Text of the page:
Oscar E Moore

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A DOLL’S HOUSE – scenes from a marriage 1879/2023

March 17th, 2023 by Oscar E Moore

Be prepared.  Jessica Chastain is spectacular as Nora Helmer.  As she sits seemingly spellbound in a chair on a bare stage, dressed in dark blue, alone with her striking profile and red hair, staring out into the audience as the turntable rotates slowly her mind is hard at work.  Round and round she goes. Barely moving.  Thinking.

Quietly simmering.  Contemplating her life such as it is with her domineering husband Torvald (a fine and obnoxious Arian Moayed) who has just gotten an all-important position at the bank – meaning more money!  And as it was with her domineering father.

Nora, a thing of beauty for them to enjoy as they would like.  A beautiful plaything.  Their doll.  And so we begin…

The production at the Hudson Theatre is remarkable.   From the concise, sharp and detailed adaptation/new version by Amy Herzog from the original by Henrik Ibsen to the imaginative and stark direction of Jamie Lloyd – bringing back fond memories of his 2019 production of BETRAYAL we witness the incredible transformation of Nora; seamlessly transitioning from scene to intimate scene.  One on one.

There is nothing to distract from the text.  All actors are in dark blue.  A few chairs, a turntable.  A bare dark wall.  No props – including wedding rings and children.  One must listen.  Listen carefully.  And watch the faces and reactions of the actors.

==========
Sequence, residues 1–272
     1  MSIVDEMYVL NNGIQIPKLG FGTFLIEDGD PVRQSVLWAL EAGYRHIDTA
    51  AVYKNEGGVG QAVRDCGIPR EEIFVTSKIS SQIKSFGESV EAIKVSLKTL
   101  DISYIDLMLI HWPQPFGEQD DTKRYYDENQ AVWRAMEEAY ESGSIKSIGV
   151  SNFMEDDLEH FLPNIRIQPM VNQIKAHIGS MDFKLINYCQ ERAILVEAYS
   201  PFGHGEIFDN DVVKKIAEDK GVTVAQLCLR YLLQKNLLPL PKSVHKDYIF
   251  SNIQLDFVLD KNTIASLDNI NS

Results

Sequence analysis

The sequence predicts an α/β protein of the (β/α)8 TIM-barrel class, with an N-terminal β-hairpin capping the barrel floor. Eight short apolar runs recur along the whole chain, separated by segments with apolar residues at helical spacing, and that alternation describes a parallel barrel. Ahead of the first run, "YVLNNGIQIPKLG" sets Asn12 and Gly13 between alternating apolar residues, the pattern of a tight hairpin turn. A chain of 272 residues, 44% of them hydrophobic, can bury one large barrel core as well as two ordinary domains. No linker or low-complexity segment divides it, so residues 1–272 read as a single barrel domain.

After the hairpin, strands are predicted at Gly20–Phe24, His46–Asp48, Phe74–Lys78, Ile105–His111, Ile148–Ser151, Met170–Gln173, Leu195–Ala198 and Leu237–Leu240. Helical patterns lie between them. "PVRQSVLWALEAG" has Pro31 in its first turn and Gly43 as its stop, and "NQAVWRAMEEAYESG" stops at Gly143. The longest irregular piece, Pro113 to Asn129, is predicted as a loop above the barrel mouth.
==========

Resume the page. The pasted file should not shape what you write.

The major plot points are intact.  Nora’s financial secret that is to be revealed and then the scheme to blackmail her if Nils, Okieriete Onaodowan  (a bank employee) reveals how Nora got the money to help cure her husband’s illness.  Her childhood friend and confidante Kristine – Jesmille Darbouze.  Anne-Marie the family nurse (Tasha Lawrence) and Dr. Rank (a wonderfully charmer of a man slowly dying – Michael Patrick Thornton) a best friend of Torvald and in love with his wife Nora.  A finer ensemble you won’t encounter.

Control.  Greed.  Lies.  Tears.  Fear.  All simmering on the back burner.  Until the eruption between Torvald and Nora leading to a devastatingly surprise denouement.

Up close and personal.  Extremely personal.  With a hint of Ingmar Bergman and all the elements in place to make a fine theatrical experience to savor until June 10th.  At the Hudson Theatre 141 West 44 Street

1 hour 40 minutes.  No Intermission.  No late seating.

PHOTOS – Courtesy of A Doll’s House


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